The criminal barrister strike – what you need to know

Criminal barristers began indefinite strike action on 5 September in protest against the Government’s refusal to agree to their demands to raise legal aid fees following years of budget cuts.

Many members of the Criminal Bar Association (CBA) have been holding walkouts sporadically since June but have now escalated the action to an all-out strike.

This may cause you concern if you or a loved one is caught up in criminal proceedings, whether as a defendant or as a victim or witness.

Why are they striking?

Criminal barristers are striking after years of cuts to legal aid fees, which have led to large numbers of junior barristers abandoning the criminal bar. Newly qualified criminal barristers can end up taking home as little as £9,000 a year after their additional costs have been factored in. As barristers are classed as self-employed, they have to pay their own expenses.

The CBA asked for a 25% uplift in fees to include ongoing cases. The Government has offered a 15% uplift in new cases from the end of September. The difference is significant given that there were around 59,000 ongoing cases in the Crown Court backlog in June.

Will this affect your case?

The CBA walkout is going to exacerbate existing court delays as thousands of cases are already awaiting trial.

We are already finding that that trials in some serious offences are being put back to late 2023 and even 2024.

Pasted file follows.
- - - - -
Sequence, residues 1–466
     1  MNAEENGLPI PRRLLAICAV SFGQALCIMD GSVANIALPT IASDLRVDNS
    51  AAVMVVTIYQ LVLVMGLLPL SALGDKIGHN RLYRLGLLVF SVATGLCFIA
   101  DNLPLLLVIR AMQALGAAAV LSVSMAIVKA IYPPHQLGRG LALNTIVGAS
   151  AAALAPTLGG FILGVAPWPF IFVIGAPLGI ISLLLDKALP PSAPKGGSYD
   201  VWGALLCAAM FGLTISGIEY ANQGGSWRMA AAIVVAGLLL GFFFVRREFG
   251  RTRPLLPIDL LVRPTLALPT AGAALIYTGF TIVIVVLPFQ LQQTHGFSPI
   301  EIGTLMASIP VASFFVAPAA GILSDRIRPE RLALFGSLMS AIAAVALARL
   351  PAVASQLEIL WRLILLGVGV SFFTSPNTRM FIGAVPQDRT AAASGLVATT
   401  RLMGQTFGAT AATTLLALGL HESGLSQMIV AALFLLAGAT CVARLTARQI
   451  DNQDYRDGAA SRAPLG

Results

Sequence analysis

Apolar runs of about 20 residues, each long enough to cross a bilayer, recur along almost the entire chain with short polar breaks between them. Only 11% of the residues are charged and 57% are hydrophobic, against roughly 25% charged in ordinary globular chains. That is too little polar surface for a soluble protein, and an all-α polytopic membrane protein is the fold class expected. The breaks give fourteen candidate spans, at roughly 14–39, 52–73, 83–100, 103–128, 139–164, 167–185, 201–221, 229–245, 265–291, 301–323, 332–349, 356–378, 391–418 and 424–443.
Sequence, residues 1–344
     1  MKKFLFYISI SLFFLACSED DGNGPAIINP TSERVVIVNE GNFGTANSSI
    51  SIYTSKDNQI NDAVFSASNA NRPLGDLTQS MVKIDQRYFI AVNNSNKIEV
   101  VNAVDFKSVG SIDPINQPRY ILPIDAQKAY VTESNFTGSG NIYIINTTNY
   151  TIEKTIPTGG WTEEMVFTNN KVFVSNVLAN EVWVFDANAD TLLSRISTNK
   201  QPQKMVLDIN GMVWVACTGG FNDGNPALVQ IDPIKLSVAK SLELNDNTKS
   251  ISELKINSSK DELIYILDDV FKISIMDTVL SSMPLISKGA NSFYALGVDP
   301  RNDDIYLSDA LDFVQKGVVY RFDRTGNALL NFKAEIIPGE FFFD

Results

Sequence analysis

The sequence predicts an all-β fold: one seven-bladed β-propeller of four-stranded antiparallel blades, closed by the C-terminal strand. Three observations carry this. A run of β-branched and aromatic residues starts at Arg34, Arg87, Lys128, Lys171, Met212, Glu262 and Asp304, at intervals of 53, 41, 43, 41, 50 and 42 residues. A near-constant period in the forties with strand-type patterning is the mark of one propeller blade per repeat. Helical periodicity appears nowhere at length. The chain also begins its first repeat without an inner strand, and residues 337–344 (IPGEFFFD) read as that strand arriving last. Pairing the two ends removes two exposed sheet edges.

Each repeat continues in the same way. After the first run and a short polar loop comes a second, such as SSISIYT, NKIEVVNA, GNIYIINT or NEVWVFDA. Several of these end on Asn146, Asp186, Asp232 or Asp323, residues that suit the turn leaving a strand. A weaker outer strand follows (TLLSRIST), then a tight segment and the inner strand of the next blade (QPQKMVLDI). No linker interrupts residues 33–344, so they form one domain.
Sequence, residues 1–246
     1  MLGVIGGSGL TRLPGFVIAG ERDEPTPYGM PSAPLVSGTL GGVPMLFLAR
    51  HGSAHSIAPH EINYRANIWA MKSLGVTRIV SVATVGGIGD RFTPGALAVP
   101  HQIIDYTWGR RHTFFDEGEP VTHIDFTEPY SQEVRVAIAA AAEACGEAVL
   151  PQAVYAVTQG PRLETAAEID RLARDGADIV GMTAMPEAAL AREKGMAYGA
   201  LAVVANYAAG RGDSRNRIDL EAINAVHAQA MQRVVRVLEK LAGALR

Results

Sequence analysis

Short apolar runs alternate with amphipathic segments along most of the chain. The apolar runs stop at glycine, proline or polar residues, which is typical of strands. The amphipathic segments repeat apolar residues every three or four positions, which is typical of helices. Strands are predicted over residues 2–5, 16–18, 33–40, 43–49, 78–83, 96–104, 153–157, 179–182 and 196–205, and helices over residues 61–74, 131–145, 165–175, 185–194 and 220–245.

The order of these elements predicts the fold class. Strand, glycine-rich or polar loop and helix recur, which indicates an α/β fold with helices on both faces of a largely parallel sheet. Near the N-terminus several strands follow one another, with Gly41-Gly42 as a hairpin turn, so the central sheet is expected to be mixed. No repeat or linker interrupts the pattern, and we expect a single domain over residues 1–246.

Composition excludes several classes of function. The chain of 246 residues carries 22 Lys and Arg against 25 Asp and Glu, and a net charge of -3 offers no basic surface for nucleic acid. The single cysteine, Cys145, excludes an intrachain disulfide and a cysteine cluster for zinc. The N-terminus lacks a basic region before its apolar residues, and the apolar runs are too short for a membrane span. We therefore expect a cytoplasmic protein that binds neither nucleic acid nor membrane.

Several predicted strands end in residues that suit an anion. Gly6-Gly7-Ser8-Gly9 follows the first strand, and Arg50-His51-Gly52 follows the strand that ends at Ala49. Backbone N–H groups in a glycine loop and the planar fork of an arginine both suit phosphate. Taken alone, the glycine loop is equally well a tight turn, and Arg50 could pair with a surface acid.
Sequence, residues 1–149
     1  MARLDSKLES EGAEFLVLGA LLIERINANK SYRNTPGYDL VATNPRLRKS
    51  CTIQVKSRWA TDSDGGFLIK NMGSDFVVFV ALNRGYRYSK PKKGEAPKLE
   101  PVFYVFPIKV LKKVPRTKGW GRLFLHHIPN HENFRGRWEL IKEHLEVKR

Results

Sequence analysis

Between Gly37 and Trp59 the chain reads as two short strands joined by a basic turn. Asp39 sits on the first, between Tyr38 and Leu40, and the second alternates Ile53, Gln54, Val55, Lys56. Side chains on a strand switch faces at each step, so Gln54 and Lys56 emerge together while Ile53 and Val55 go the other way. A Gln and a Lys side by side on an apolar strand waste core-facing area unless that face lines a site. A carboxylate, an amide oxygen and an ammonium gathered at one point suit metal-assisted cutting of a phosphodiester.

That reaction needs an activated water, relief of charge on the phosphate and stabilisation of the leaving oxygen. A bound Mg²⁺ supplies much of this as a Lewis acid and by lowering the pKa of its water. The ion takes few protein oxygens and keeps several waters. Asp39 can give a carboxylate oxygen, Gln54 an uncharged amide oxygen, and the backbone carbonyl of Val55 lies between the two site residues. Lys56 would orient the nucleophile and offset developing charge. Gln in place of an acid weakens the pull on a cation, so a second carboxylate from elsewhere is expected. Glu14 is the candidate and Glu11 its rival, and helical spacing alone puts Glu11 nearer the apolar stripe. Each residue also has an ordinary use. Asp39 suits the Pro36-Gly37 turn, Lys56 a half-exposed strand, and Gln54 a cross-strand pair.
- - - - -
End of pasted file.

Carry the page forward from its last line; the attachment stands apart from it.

The strike action is less likely to affect cases where the defendant is not legally aided or where the barristers involved are not participating in the strike. We are also finding that some striking barristers are prepared to represent defendants who are particularly vulnerable.

Who will take my case?

With the exception of defendants who pay privately or whose barristers are not striking, delays seem inevitable in many cases. The extent of these will depend on how long the strike lasts.

For those wishing to access its services, the Public Defender Service may be able to provide advocacy services for defendants in the Crown Court.

What should I do?

If you are a defendant, contact your solicitor or other legal representative to find out whether your case could be affected and the likely impact. They will be able to discuss what is happening with your case and advise you about any options.

This may depend on a number of variables such as the location of the court, the stage the case has reached, the number of defendants involved and the expected length of the trial.

Also, remember that a defence case does not begin in court. Often, sound legal representation at the police station or before a case gets to court can have a major impact on the decision to charge, the nature of any charges and the strength of the Prosecution’s case.

If you are facing a criminal investigation, contact us now.